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1. He is much loved.

2. He is much interesting.

3. Your thoughts were much appreciated.

4. This is a much needed development.

5. His face is much red.

6. It was a very stimulating discussion.

7. It was a much stimulating discussion.

If 1, 3, 4, 6, why not 2, 5, 7?

MrP
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Comments  (Page 3) 
Sorry everyone -- especially rvw --, let me go back for a moment to my comment, before going into rvw's issues.

I didn't understand above the term 'quantity' as a measure of "verbal character," but now I think I'm beginning to understand what MrP implied.
You meant: 'much' can quantify the effectiveness of verbal action (toward its object), right?

It was not a matter of course for me, so I put a word then.
I'm glad that I got something a bit clearer.
...Again, if to your ear the participle is an adjective, very by itself is acceptable. He was very discouraged....
Yes; or 'very pleased'.

Hypothesis: where 'very' is acceptable, the past participle has (at least as one of its meanings) a stative sense.

MrP
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usu. used with adjectival past participles "much interested", "much pleased by the compliment", "much gratified" and in negative constructions "not much good at all".
---Webster's Third New International Dictionary. MrPedantic's argument does not answer its use in negative constructions: She did not study much.

I would take the 'good' in 'not much good' as a noun; cf. 'not much use', 'not much of a last theorem'.

I don't find 'she didn't study much' problematical: i.e. 'she didn't study a great deal', 'she didn't study a lot' – it seems to me like a quantitative assessment.

(But I may have misunderstood the point here, RVW, so if so, please put me right!)

MrP
...You meant: 'much' can quantify the effectiveness of verbal action (toward its object)...
Perhaps not so much effectiveness, as extent.

For instance, it's easy to make a visual, 'quantitative' representation of 'much + past participle':

1. he was loved

The quantity of love = XXX

2. he was much loved

The quantity of love = XXXXXXXX

Conversely, where a past participle doesn't sit comfortably with 'much', or admit of 'quantity', it's difficult to imagine a visual representation. For instance, what could we do with '?much finished', '?much destroyed', '?much born'?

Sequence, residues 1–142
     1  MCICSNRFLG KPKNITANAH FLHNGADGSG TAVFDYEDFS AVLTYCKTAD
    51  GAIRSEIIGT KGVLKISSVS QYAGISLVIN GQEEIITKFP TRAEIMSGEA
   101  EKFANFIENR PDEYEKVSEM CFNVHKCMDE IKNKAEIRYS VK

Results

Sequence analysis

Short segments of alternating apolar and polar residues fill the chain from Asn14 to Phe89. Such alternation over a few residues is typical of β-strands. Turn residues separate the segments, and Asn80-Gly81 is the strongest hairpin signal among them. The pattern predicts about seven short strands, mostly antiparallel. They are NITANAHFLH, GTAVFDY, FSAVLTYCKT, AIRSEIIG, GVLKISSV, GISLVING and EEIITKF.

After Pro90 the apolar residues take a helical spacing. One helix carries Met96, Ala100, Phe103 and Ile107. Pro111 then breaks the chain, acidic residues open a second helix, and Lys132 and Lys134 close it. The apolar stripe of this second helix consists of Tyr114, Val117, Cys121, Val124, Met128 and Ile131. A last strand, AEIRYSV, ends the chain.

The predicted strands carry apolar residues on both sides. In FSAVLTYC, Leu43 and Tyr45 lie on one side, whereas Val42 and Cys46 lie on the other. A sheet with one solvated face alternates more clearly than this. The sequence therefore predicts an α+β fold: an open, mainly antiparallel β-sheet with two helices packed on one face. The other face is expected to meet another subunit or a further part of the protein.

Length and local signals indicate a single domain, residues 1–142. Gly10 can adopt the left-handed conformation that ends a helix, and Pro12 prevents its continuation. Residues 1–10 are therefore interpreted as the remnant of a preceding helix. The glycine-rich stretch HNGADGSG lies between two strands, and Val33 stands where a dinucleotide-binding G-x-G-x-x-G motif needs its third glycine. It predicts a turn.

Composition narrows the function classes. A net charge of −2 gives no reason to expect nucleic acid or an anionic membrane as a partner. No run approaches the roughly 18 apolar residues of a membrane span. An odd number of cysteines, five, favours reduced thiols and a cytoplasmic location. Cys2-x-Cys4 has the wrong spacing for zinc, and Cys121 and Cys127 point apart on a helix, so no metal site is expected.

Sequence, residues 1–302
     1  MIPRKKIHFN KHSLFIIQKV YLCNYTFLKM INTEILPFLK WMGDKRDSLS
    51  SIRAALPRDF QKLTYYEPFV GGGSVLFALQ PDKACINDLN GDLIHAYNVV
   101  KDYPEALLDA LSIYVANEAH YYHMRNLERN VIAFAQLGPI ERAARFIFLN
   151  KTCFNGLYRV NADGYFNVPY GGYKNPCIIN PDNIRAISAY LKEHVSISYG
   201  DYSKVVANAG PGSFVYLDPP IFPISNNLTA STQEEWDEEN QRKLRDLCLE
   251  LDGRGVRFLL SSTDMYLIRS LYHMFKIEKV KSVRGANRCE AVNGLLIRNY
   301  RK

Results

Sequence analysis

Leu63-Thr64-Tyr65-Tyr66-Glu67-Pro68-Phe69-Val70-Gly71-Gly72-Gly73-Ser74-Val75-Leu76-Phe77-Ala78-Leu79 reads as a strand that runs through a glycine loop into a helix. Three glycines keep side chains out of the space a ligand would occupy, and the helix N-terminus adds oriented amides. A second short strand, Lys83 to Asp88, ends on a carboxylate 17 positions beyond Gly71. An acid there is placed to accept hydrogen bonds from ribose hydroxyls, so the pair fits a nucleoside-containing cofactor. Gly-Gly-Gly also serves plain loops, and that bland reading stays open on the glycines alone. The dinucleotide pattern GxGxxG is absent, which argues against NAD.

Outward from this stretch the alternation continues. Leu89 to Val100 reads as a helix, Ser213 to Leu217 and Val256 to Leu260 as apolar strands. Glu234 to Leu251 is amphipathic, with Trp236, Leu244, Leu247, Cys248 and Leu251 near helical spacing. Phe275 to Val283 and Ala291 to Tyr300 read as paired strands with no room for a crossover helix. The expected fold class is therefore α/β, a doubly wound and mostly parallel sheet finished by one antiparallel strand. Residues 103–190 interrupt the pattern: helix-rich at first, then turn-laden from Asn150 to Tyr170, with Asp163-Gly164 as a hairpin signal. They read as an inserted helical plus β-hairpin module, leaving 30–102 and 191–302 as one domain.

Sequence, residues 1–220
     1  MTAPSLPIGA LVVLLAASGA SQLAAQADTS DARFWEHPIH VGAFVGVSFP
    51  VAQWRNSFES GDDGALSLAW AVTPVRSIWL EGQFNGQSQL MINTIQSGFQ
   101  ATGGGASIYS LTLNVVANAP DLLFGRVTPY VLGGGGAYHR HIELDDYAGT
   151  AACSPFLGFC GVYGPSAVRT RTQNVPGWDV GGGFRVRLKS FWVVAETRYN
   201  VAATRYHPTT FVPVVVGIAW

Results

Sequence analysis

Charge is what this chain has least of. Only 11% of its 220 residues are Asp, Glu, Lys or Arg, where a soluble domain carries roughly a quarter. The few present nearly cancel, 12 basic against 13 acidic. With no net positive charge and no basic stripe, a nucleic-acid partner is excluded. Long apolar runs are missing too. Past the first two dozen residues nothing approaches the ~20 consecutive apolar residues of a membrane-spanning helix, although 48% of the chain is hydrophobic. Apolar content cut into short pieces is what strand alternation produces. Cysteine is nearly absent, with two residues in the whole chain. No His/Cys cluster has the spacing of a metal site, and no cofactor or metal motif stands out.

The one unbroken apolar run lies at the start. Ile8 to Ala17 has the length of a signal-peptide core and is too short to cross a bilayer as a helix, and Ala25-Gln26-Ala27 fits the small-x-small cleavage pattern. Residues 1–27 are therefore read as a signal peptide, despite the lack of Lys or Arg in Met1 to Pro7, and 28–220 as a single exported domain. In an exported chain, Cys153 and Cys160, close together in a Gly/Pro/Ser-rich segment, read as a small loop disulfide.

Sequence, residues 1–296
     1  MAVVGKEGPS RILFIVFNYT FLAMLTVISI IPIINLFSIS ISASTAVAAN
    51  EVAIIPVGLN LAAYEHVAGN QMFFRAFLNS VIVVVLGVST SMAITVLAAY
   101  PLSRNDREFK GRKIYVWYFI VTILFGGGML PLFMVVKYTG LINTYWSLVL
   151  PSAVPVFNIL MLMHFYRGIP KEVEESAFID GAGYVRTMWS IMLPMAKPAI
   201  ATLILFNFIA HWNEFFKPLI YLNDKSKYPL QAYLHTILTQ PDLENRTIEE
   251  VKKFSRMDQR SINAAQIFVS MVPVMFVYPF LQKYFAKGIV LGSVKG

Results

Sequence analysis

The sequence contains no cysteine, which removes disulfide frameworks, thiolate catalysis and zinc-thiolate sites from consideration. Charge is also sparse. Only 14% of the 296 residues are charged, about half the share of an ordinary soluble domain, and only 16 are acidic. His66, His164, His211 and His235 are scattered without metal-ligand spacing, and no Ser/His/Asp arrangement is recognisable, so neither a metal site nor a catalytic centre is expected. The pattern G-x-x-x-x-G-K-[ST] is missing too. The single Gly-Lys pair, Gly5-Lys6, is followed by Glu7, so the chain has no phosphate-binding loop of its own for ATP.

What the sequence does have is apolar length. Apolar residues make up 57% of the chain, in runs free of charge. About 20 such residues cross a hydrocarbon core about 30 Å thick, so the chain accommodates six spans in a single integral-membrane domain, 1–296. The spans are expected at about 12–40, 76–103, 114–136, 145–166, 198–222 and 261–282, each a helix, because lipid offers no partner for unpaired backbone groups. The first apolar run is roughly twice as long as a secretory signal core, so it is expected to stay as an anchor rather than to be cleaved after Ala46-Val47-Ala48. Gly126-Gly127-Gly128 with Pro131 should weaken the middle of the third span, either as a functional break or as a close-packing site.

I'm looking forward to the centaur.

MrP
You meant: 'much' can quantify the effectiveness of verbal action (toward its object) ?
{MrP} Perhaps not so much effectiveness, as extent.
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Ah-huh, I got it, from your cases, I can see the word 'extent' is more appropriate.

✒ 'much' can quantify the 'extent' of verbal action.
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(To understand, I'm telling to myself in a whisper...)
✑ 'much' can quantify the 'extent' of affectedness of object by verbal action (when it is used with past participle).
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I'd prefer a unicorn.
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Hypothesis: where 'very' is acceptable, the past participle has (at least as one of its meanings) a stative sense.
Isn't this just another way of saying that the past participle has become an adjective -- that it modifies or characterizes the state of the noun? A blue flower. A hidden flower.
I don't find 'she didn't study much' problematical: i.e. 'she didn't study a great deal', 'she didn't study a lot' – it seems to me like a quantitative assessment.
(But I may have misunderstood the point here, RVW, so if so, please put me right!)

MrP
I wasn't clear in my own thinking what I wanted to say about much.

To you, much has a core sense of 'quantity'. And to you that is its salient feature. First, we are taking about much as an adverb, meaning very, which means to a great extent, in a high degree, extremely. In our context of discussing the applicability of much and very to participles, what strikes me about much is not its semantic difference from very. To me there is very little difference in meaning between He is much loved and He is very loved. Instead, what is interesting to me is that, over time, adverbial much has been given just those applications where the participle is felt to be too "verbal" for the pure intensive very, plus as a plain adverb meaning very in negative constructions.

Since these usages evolved over hundreds of years, we will never know exactly how they came about. The quantitative nature of much probably played a part, as did the desire to keep very a pure intensive.

{quote=rvw&material}
In Webster's Third New International Dictionary I found a usage note for the adverbial much:
 [In the sense of] VERY -- usu. used with adjectival past participles "much interested", "much pleased by the compliment", "much gratified" and in negative constructions "not much good at all".
.........................................................................................
Yes, as rvw has pointed out, something is still wrong or remains unexplained by your hypothesis, MrP. As to negative constructions.

I feel sorry for my interrution (as I said I'm ignorant of these questions), but I got confused again: how should we negate these sentences?
[1] He is much loved. [2] He is very loved.

The answer seems obvious. Then ... the original sentences and negated sentences could be considered as 'stative' sentences; then what is quantified..? (I don't know, maybe my question itself is wrong in the first place..? Hmm... I got confused, but interested.)
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